I learned some more stuff about Luxembourg during my time there. The streets are clean and tidy, the place is teeming with banks, and the people could be movie stars themselves, insofar as looks are concerned.  Not only that, but Luxembourgers are extraordinarily polite and helpful, and not at all hostile to Americans in the way other French-speaking people can sometimes be.  And, though I didn't actually try it, I gathered that Luxembourg is the kind of place where you can stick your thumb out for a ride and not end up dead in someone’s trunk.




Thankfully there was no need to hitchhike in Luxembourg City because it has what can easily be described as one of the most organized and well run bus systems in the world.  The stops have electrical signs that tell you exactly which bus is coming and when, and without fail, the buses are on time.  A 1.50 € ticket will get you two hours worth of ride.  That is pricey compared to the 20 cents I'd gotten used to paying, but I learned that, if used strategically, one ticket can buy you some cheap sightseeing around town.  Often I would hop a bus—any bus, like the number 13 going to “Kirchberg,” for example—get out and explore for a bit, and then hop another until my two hours were up and it was time to return to the city center.  If there is one place where it is important to get your money's worth, it's Luxembourg.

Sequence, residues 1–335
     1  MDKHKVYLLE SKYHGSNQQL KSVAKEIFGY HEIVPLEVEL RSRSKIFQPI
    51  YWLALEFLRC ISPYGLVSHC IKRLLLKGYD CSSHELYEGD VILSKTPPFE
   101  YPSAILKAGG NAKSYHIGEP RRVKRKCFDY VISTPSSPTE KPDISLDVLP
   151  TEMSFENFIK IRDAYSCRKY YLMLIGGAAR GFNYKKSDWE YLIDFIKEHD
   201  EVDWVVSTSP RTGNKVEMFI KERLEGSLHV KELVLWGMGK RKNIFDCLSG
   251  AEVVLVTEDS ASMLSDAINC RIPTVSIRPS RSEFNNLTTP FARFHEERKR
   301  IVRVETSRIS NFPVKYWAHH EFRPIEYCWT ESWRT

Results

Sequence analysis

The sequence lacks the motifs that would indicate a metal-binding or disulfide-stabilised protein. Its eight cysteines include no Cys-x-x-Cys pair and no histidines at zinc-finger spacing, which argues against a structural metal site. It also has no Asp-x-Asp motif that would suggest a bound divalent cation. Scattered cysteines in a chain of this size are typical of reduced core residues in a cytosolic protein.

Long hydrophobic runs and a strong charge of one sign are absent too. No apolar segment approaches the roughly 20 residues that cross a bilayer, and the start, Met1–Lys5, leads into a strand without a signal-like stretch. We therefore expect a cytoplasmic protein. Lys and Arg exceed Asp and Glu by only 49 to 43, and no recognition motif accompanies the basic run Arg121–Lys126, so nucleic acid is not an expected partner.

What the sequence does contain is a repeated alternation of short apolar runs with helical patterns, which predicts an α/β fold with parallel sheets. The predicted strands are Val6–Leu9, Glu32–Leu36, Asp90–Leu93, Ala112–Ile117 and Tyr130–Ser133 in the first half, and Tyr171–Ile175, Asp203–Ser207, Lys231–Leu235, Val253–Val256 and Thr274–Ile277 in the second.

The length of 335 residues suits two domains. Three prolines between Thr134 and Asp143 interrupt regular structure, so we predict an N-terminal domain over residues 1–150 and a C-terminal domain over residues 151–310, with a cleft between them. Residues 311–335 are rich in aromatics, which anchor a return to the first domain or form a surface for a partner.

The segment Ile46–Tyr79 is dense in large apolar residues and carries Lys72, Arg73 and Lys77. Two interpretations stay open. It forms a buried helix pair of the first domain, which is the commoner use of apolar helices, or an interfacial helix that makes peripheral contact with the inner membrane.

In the end, I managed to luxuriate in Luxembourg with one of the biggest indulgences imaginable in the life of a backpacker. When it was time to catch my train to Bruges, I was faced with a steep, uphill walk to the nearest bus stop and a change of buses before I would reach the station.  But for 3 €--or twice the amount of the public bus ticket--I could be shuttled from door-to-door in the hostel’s van.  I splurged and took the shuttle against all my penny-pinching instincts.


It was glorious.  I boarded the van right outside the hostel door and, ten minutes later, the driver let me out directly in front of the train station.  So, in the end, I did in fact experience the height of luxury in Luxembourg.  But I never did figure out that Kennedy thing.